Data analysis Essay

Custom Student Mr. Teacher ENG 1001-04 19 May 2017

Data analysis

I also thought that the target groups characteristics might interact with instructional formats as well as with the learning materials complexity. I drew this assumption from the Feedback Intervention Theory (FIT). In their meta-analysis on learning from feedback, Kluger and DeNisi (1996) tested several moderators, moderating the relationship between interpreting feedback as occurring in the experiential learning circle, and performance improvement.

These moderating variables are related to person related variables such as cognitive ability, self-efficacy, or locus of control, the form of feedback intervention (feedback intervention, such as sign, content and so on), task characteristics (novelty, complexity, and task duration, etc. ), and situational variables (goal setting, etc. ). The target learner group is thought to be an important person-related factor, because learning with simulation already requires some of the skills which are also defined as learning process related outcomes like, for instance, reflective observation and abstract conceptualization (Kolb, 1984).

In addition, for example, numerical abilities and analytical thinking to infer relations between variables are important faculties which the learner should possess, as well as a positive attitude toward his/her learning potential. Intelligence facets like reasoning or working memory should also be considered important predictors for successful learning with simulations (see Wittmann & Hattrup, 2004; and Wittmann & Su? , 1999).

Besides cognitive abilities as prerequisites, error management strategies (see Hesketh & Frese, 2002; Ivancic & Hesketh, 1996, 2000; Keith & Frese, 2005) are needed, which allow learners to cope with, and recover from, error situations that may have negative motivational consequences. One can expect learners already equipped with these competencies to have an advantage over others. In that respect, it may be assumed that preconditions for effectiveness in experiential learning are to some extent the skills and abilities to which most attention should be paid throughout the learning process.

Besides reasoning and working memory capacity, performance of complex activities such as simulation-based learning is strongly influenced by personal efficacy (Bandura, Debowski, & Wood, 2001). Following Bandura (1997; Bandura & Wood, 1989; Wood & Bandura, 1989), self-efficacy functions as a moderator between learning and performing. Self-efficacy is a judgment of one’s ability to organize and execute given types of performance.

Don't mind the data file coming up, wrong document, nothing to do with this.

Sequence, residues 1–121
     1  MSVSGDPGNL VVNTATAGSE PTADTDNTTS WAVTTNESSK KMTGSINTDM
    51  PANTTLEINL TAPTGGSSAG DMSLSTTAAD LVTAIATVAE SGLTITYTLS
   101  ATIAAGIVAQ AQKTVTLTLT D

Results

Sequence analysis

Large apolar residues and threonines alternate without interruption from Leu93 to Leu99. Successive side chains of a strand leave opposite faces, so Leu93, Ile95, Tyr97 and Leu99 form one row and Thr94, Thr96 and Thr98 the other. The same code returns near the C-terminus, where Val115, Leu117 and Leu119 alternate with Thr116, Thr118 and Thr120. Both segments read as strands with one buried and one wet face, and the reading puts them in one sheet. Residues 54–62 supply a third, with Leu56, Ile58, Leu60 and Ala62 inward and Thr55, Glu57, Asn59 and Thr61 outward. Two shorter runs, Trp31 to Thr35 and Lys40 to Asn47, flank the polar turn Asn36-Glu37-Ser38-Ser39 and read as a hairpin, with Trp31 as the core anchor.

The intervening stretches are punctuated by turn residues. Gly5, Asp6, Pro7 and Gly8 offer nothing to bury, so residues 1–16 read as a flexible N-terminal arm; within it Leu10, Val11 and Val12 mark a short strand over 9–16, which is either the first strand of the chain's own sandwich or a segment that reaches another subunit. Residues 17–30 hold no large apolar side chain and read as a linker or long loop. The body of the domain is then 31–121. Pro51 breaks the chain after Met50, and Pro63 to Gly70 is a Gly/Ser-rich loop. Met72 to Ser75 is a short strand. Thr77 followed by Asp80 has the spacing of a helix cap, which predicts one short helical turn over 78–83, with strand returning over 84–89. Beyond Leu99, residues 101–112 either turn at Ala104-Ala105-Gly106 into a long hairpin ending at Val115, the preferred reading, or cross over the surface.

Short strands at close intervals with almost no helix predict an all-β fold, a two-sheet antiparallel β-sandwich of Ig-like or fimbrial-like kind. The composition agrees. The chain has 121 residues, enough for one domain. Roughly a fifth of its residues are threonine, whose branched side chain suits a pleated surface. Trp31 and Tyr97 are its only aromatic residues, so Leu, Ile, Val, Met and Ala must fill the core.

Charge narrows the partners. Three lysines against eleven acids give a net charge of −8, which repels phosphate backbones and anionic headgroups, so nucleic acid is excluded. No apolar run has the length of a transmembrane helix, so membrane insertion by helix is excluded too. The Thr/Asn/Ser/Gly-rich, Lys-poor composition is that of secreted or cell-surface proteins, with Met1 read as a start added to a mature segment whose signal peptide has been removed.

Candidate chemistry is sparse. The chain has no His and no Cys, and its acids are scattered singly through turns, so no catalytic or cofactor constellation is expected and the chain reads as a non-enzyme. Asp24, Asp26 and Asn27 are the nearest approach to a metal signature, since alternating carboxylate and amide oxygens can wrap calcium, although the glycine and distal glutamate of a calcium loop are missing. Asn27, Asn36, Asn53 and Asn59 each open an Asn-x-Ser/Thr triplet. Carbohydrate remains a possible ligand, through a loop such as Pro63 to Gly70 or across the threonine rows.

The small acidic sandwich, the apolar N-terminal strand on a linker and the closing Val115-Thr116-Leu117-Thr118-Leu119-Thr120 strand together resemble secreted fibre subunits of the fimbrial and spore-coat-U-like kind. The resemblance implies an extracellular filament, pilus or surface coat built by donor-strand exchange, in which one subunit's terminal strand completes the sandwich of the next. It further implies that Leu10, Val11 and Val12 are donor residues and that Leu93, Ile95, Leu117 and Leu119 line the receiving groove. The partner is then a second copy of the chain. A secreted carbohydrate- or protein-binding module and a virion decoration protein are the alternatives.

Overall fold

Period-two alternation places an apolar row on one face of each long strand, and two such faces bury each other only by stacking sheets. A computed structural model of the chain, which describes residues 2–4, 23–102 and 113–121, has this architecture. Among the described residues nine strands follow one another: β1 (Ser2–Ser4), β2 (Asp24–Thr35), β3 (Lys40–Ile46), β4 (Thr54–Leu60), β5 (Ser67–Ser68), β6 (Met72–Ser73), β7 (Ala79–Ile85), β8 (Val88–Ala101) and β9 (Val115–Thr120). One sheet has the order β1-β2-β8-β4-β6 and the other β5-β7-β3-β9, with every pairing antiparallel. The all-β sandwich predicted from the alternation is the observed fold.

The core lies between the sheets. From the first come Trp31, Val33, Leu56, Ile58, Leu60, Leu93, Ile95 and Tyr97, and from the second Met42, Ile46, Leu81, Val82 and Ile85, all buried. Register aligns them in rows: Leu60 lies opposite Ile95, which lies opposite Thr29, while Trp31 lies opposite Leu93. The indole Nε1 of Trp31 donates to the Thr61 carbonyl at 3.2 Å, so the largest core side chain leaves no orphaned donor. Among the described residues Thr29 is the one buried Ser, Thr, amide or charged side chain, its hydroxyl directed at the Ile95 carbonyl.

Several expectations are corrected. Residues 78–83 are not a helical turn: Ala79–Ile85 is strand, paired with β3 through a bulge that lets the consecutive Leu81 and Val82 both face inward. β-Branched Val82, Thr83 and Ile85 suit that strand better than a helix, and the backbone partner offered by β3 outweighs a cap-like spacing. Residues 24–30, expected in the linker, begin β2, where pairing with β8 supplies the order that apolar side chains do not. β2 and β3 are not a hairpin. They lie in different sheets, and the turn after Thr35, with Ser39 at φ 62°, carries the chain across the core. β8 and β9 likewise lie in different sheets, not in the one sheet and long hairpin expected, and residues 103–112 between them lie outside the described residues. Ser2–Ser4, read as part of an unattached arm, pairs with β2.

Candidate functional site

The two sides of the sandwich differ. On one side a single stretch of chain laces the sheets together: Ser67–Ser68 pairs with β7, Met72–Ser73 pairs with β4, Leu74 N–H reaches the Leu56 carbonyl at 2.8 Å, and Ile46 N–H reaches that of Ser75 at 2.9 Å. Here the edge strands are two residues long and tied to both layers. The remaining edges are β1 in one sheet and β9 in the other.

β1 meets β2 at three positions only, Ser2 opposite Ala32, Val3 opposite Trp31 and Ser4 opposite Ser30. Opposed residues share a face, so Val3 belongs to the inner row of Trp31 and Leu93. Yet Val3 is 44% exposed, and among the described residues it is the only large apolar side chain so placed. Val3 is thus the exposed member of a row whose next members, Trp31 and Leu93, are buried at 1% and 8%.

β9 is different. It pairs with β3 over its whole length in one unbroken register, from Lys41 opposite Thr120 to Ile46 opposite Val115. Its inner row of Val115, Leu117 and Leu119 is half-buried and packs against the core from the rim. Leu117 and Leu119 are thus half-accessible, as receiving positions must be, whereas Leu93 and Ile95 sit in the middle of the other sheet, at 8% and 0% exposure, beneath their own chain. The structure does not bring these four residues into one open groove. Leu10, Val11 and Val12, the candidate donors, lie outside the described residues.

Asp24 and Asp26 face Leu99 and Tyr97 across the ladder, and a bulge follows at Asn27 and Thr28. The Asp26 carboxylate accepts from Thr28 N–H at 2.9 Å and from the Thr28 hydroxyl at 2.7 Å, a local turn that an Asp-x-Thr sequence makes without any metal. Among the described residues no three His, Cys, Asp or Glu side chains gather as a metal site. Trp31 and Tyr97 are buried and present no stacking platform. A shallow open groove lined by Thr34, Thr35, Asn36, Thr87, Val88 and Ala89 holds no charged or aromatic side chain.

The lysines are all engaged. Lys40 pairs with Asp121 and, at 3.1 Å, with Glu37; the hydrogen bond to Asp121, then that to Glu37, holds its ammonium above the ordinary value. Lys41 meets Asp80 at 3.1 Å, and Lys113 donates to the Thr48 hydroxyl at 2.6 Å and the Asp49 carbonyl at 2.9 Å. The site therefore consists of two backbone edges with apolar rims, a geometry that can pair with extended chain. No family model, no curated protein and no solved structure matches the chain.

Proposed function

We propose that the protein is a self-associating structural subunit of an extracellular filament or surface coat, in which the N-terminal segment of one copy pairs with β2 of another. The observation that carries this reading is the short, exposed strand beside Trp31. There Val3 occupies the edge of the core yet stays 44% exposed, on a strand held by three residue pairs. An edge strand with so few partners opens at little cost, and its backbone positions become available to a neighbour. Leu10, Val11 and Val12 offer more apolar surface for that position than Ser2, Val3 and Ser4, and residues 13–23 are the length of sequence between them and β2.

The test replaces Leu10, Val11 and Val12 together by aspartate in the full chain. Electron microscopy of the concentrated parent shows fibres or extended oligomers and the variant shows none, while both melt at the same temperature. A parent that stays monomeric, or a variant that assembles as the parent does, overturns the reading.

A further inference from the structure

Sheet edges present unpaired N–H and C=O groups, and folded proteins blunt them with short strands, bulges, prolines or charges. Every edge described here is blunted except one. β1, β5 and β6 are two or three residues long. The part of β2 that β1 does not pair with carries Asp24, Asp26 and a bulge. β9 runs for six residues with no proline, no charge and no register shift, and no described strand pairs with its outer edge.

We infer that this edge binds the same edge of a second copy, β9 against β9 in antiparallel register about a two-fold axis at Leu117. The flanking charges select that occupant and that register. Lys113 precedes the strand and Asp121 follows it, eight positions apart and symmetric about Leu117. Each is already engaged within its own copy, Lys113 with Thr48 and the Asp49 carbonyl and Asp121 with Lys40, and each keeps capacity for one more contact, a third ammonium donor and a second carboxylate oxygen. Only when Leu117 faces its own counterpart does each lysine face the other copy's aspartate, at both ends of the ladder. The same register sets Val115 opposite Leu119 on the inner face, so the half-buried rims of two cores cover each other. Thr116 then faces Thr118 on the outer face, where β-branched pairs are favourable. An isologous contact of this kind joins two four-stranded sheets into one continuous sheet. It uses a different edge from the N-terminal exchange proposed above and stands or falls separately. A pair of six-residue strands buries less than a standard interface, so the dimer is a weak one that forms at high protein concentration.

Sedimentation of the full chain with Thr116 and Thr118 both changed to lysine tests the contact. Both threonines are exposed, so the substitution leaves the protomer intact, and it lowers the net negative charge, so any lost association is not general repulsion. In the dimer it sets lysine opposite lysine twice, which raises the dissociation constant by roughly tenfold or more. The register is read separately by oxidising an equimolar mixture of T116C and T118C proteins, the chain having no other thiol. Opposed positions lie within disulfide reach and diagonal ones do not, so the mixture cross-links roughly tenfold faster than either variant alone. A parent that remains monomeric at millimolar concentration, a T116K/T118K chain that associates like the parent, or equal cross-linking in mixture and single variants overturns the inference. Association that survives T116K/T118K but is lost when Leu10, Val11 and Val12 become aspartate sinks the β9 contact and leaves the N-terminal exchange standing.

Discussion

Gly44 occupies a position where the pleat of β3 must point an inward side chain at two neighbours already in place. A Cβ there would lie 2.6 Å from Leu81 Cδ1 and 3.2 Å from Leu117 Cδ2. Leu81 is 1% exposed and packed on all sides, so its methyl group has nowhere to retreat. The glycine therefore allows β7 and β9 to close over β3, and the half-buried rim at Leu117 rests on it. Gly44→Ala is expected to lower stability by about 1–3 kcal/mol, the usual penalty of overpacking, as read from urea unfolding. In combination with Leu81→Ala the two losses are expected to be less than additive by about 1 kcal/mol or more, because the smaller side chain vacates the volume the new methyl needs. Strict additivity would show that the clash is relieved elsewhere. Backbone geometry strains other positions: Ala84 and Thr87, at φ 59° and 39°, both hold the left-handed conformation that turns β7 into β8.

Efficacy beliefs have an affect upon patterns that can enhance or undermine performance. Perceived efficacy exerts a more substantial impact on performance, both directly by affecting the quality of thinking and the good use of cognitive skills and indirectly by strengthening persistence in the search for solutions. Perceived efficacy affects problem-solving, performance, both directly and by its impact on other self-regulatory determinants (Bandura, 1997).

Such beliefs influence the choices people make, their goal aspirations, how much effort they mobilize in a given endeavor, how long they persevere in the face of difficulties, their vulnerability to stress and depression in coping with taxing demands, and their resilience to adversity (Debowski, Wood, & Bandura, 2001). The complexity level of the simulation is based on the FIT thought to be a second important influential variable for the learning outcome, bearing in mind that the learning process requires inferring the characteristics of the model underlying the simulation.

The process of inference implies the observation of the output variable changes in value after altering values for the input variables. The higher the interconnectivity between input variables and output variables, or the interconnectivity also between output variables, the more difficult the inferring process becomes (see Wood, 1986). Variable characteristics like parallel effects are especially difficult to perceive, because they are often mixed with the direct effects of another input variable (Funke, 1993, 2001; Kluge, in press, 2004).

Other characteristics like dynamic changes are easier to identify but more difficult to control. All changes in the system conditions, such as exponential growth or decline, that occur of their own accord, without intervention by the problem solver are called dynamic changes. Finally, a third variable of interest which will influence the learning outcome is assumed to be the kind of support method used. It is expected that learning variations of experiential learning in terms of learning support affects the target groups differently.

To test this hypothesis for experiential learning, in this study two methods of providing additional support: 1) support for the design of experiments, and 2) direct access to domain knowledge) are tested against each other in two different simulations. Both support methods make use of the model progression technique (see above). The support for the design of an experiment is operationalized by guided exploratory search. It is assumed that individuals who are on the threshold of learning are often unable to reach an understanding without some kind of externally provided assistance or intervention.

The support methods presented are assumed to vary in respect to the simulation complexity as well. The higher the interconnectivity between variables, the more effective will be a support method that allows direct access to domain knowledge. In summary, the potential for using learning in simulation-based environments is assumed to vary according to at least three factors: the target groups, the complexity of the simulation, and the instructional support given.

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